How does Feste prove his intelligence in Twelfth Night?  

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Feste appears in Shakespeare's Twelfth Night, or What You Will, which was written around 1600. In analyzing the character of Feste, it's important to note that Twelfth Night was written at the time that Robert Armin joined Shakespeare's acting troupe, the Lord Chamberlain's Men, replacing Will Kempe as the actor who played fools and clowns.

Will Kempe was known for his physical comedy and low-brow humor and played rustic fools and clowns—called "natural fools," like Lance in The Two Gentlemen of Verona, Bottom in A Midsummer Night's Dream, and Dogberry in Much Ado About Nothing.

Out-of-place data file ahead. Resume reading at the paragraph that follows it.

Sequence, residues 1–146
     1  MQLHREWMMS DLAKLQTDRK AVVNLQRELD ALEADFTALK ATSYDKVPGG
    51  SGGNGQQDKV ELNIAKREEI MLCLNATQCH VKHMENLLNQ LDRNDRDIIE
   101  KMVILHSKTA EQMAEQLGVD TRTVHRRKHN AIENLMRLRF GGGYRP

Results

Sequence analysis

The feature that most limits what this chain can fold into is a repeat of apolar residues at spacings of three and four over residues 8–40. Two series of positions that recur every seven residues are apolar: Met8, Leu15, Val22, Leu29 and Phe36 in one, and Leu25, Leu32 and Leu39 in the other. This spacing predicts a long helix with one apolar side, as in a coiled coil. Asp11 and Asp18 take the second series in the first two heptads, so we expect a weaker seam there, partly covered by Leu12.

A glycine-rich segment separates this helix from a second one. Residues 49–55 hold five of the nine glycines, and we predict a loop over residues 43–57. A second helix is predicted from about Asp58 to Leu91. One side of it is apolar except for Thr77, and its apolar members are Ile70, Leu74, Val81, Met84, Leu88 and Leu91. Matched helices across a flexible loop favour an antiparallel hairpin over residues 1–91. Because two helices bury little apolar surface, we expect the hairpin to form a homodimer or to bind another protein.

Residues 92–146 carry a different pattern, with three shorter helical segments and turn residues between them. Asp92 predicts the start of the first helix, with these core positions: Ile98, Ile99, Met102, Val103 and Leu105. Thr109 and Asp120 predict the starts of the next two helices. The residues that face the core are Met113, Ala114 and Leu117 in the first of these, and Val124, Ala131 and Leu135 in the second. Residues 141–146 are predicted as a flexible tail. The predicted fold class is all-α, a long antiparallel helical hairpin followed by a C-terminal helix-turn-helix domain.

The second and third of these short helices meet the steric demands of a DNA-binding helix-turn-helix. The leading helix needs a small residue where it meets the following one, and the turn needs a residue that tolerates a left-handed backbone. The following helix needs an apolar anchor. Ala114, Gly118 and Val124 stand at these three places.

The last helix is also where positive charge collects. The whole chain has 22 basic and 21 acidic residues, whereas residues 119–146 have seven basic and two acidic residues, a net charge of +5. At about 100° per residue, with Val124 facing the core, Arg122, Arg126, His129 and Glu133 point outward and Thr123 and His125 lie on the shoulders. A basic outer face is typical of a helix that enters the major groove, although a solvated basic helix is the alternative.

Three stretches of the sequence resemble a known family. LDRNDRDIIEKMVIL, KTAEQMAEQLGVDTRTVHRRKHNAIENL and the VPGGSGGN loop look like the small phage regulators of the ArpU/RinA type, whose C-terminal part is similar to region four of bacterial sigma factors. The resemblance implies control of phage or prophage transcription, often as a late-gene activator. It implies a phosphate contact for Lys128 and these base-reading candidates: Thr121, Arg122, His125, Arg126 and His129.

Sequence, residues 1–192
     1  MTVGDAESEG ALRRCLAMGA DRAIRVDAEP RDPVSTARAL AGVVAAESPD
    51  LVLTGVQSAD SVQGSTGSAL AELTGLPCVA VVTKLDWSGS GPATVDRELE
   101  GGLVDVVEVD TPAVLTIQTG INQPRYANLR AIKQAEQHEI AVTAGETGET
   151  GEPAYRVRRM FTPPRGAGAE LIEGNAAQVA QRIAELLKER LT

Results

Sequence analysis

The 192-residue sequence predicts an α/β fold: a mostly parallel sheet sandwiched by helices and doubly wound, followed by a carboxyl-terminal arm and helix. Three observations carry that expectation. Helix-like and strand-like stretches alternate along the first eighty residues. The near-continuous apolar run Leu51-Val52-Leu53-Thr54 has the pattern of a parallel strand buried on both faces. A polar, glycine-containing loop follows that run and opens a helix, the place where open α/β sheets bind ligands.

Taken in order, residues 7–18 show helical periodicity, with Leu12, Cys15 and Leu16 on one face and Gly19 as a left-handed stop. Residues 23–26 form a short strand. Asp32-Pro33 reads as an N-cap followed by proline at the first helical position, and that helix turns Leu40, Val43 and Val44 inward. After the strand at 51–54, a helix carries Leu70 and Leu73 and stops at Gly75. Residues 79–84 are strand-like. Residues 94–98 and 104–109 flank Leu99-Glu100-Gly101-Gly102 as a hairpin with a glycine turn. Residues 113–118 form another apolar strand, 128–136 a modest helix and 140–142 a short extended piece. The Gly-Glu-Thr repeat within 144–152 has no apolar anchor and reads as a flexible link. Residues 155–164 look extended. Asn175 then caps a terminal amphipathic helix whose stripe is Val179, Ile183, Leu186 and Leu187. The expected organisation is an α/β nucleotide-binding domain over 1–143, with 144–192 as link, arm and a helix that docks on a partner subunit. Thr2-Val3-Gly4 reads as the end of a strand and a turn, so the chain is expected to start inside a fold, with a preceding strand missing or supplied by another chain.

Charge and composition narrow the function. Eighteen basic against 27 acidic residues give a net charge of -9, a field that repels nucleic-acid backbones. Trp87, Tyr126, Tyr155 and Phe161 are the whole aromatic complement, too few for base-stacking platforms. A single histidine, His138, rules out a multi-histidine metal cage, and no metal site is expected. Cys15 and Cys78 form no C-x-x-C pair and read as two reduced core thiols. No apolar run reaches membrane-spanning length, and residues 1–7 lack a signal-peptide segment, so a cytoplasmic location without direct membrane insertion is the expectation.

When Armin joined the troupe, the fools in Shakespeare's plays were written as "wise fools," who were less clownish and more witty and worldly-wise, starting with Touchstone in As You Like It, then Feste in Twelfth Night, and then the Fool in King Lear.

Armin was a well-known actor before he joined Shakespeare's company. He had also written several books and plays and was a noted singer, something that Shakespeare...

(The entire section contains 2 answers and 625 words.)

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